Insight

In the News: Austin/San Antonio

A summary of newsworthy content from Austin/San Antonio lawyers and law firms.

Austin/San Antonio In the News
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Compiled by Tess Congo

May 31, 2017 01:49 PM

IN THE HEADLINES

Bracewell: J. Tullos Wells(employment law – management; labor law – management, 2001), who is general counsel for the San Antonio Spurs, is representing Tim Duncan, the recently retired NBA player, against Duncan’s former financial adviser, Charles Augustus Banks IV. Banks was indicted on two counts (now four) of criminal wire fraud for allegedly defrauding Duncan of $75 million that Duncan invested in Gameday Entertainment, a sports merchandise company run by Banks. The four wire charges against Banks each carry a maximum 20-year sentence.

Enoch Kever: Craig T. Enoch (appellate practice, 2008) is a former Supreme Court justice who went head-to-head with former Chief Justice Wallace B. Jefferson over a case brought to the Texas Supreme Court justices concerning an inheritance dispute. Enoch is representing a family who states that their step-grandmother with dementia, Lesey Kinsel, was unduly influenced by her niece and nephew, who are blood relatives. Kinsel dropped Enoch’s clients from her will and sold her ownership in their grandfather’s ranch due to influence by her niece, nephew, and law firm Jackson Walker, which is also being sued by the Kinsels.

Gordon Rees Scully Mansukhani: Kenneth J. Ferguson (mass tort litigation / class actions – defendants; personal injury litigation – defendants; product liability litigation – defendants, 2005) is representing Uber in a lawsuit filed by Sarah Milburn, who became a quadriplegic paralyzed below the middle of her chest after her Uber driver ran a red light. Milburn is also suing Honda, the driver, and the owner of the van the Uber driver drove. Police charged the other driver for causing the accident, and no charges were filed against the Uber driver.

Slack & Davis: Michael L. Slack (personal injury litigation – plaintiffs; product liability litigation – plaintiffs, 1995), John R. Davis, Paula Knippa; Joe K. Longley of the Law Offices of Joe K. Longley; and Roger N. Heller and Jonathan D. Selbin (product liability litigation – plaintiffs, 2013) of Lieff Cabraser Heimann & Bernstein are representing policyholders in a class action lawsuit against Farmers Insurance. The lawsuit cites discrimination, alleging that Farmers intimidated its insurance agents into hiding lower rates offered to new customers from existing policyholders. This resulted in loyal, longtime policyholders paying higher premiums than new customers for virtually the same coverage. The plaintiffs are now seeking an injunction against Farmers to halt the unequal pricing and damages and/or restitution for attorney’s fees and costs.

ITN FEATURE

Tom Rhodes Helps Sandra Bland’s Family Secure $1.9 Million Settlement in Civil Suit

Tom Rhodes Law Firm: Tom Rhodes (bet-the-company litigation; commercial litigation; construction law; litigation – construction; litigation – patent; medical malpractice law – plaintiffs; personal injury litigation – plaintiffs; product liability litigation – plaintiffs; professional malpractice law – plaintiffs, 2001), Larry Powers, Jr., and Cannon Lambert, Sr., represented the family of Sandra Bland, the 28-year-old African-American woman who died in jail after being arrested during a minor driving violation, against Waller County and the Texas Department of Public Safety.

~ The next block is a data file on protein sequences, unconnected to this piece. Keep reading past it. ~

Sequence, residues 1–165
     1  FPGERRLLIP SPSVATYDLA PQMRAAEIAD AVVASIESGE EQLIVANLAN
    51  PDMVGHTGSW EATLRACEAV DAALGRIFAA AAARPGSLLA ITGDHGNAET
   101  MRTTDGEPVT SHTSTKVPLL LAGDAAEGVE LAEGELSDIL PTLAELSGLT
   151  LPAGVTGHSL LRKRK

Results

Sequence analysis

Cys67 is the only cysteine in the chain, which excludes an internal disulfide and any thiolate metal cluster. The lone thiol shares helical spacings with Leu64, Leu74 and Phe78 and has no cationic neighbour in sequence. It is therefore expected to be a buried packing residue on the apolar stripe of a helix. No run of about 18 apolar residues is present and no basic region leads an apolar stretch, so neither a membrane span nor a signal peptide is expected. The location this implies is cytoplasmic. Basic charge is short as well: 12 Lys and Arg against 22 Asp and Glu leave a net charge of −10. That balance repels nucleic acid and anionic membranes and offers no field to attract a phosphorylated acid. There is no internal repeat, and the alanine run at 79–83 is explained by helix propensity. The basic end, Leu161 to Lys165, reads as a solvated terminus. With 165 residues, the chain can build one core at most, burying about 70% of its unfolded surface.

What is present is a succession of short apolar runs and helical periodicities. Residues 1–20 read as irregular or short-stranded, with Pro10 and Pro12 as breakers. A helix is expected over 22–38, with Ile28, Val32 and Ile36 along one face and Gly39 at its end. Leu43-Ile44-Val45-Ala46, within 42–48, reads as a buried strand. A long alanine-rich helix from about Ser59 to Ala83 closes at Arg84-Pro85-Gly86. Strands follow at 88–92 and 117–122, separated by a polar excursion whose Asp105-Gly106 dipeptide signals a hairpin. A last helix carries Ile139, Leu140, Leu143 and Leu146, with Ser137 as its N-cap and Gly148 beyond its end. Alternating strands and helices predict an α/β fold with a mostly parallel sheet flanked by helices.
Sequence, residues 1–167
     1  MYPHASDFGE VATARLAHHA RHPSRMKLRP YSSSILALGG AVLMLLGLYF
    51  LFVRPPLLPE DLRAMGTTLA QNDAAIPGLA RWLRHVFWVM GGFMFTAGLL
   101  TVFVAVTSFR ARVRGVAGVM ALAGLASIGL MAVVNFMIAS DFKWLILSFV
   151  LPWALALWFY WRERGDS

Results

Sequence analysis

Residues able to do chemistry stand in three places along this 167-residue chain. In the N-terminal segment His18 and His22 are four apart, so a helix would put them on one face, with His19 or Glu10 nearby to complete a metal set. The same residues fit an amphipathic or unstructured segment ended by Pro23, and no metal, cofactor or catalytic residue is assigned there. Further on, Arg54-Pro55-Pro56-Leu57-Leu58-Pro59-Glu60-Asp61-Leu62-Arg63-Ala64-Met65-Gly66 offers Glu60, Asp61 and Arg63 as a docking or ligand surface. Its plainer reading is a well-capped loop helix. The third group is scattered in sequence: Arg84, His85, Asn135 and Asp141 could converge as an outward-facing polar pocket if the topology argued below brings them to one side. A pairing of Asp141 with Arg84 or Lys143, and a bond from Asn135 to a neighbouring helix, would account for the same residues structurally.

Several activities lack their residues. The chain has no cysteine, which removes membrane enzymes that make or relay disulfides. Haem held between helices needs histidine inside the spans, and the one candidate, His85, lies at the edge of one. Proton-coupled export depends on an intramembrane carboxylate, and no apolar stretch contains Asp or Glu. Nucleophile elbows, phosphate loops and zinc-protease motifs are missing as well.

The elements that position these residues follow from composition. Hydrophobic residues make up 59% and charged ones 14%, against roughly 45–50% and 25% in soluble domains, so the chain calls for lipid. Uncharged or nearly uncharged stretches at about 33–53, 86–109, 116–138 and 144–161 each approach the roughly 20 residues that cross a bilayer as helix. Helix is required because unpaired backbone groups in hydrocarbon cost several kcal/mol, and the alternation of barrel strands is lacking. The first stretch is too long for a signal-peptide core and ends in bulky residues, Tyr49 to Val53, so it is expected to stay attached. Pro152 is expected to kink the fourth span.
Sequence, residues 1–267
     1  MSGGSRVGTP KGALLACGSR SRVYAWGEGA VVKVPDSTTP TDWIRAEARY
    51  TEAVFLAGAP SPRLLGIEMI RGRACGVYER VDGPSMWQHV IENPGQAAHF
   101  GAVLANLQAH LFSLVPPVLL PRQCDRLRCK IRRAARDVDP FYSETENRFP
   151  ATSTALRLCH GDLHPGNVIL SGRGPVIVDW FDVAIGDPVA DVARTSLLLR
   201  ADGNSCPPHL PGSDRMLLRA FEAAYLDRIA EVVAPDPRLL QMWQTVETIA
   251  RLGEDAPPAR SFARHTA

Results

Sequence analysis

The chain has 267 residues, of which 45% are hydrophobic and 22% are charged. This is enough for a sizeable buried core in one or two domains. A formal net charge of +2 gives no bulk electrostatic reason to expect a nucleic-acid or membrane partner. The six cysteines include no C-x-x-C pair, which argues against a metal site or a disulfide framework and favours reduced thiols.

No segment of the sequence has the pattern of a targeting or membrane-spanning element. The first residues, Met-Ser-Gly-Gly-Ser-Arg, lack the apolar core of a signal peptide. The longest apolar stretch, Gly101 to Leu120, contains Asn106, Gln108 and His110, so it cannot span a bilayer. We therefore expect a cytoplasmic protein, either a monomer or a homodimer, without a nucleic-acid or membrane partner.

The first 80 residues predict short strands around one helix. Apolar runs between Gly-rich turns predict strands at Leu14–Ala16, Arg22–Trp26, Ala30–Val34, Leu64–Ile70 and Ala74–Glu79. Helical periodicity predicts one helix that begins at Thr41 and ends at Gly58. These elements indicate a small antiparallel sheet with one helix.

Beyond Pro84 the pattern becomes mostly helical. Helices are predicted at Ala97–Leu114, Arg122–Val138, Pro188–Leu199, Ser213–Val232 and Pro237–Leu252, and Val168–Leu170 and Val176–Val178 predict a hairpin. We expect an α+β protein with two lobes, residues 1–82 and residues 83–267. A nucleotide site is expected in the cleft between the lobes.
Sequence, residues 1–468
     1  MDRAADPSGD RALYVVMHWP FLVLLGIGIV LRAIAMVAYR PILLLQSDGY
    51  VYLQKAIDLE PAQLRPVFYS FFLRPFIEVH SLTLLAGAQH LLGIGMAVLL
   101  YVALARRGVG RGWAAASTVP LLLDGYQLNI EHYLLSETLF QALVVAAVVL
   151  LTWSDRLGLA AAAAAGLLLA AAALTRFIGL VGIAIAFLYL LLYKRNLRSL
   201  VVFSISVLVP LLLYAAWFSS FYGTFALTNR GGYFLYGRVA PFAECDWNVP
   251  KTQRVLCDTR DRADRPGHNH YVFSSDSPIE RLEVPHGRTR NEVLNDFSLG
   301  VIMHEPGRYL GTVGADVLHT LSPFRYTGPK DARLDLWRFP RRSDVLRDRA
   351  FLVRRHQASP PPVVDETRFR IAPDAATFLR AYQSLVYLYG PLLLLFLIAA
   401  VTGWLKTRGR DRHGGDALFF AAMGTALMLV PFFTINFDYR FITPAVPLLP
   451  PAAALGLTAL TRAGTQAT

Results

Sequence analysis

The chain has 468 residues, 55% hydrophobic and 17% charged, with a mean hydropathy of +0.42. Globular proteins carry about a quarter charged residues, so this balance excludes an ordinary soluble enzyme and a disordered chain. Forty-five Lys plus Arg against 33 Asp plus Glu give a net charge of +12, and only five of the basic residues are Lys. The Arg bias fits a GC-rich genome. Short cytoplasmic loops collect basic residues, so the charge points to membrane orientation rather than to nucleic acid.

On July 10, 2015, Texas state trooper Brian Encinia pulled Bland over for failing to signal a lane change. Encinia’s dash cam footage and audio revealed that, after writing Bland a ticket, Encinia remarked that Bland looked “irritated” and requested that she put out her cigarette. When Bland refused, Encinia ordered her out of the vehicle. After attempting to forcibly remove Bland from her car, Encinia pulled out a stun gun and said, “Get out of the car. I will light you up.”

Encinia arrested Bland off-camera. Three days later, after being unable to afford the $500 bond, Bland was found hanging by a trash bag in her cell.

While the medical examiner ruled Bland’s death as a suicide, Bland’s family maintained that Bland would not have taken her own life. At the time of her death, Bland had moved to Texas to start a new job at her alma mater Prairie View A&M University. On social media, Bland was active, encouraging white and black people to befriend one another, posting videos discussing her belief that technology would play a key role in social justice cases and commenting on police shootings of unarmed black men.

A grand jury determined that Encinia lied when he said he removed Bland from the car only to conduct a “safe traffic investigation.” Following his perjury indictment, Encinia was fired by the Texas Department of Public Safety.

In the civil suit filed by Bland’s family, Larry J. Simmons, Jr.(personal injury litigation – defendants, 2010), of Germer, represented the Texas Department of Public Safety. The settlement Rhodes and the rest of the team helped secure for the Bland family calls for Waller County to pay $1.8 million and the Texas Department of Public Safety to pay an additional $100,000.

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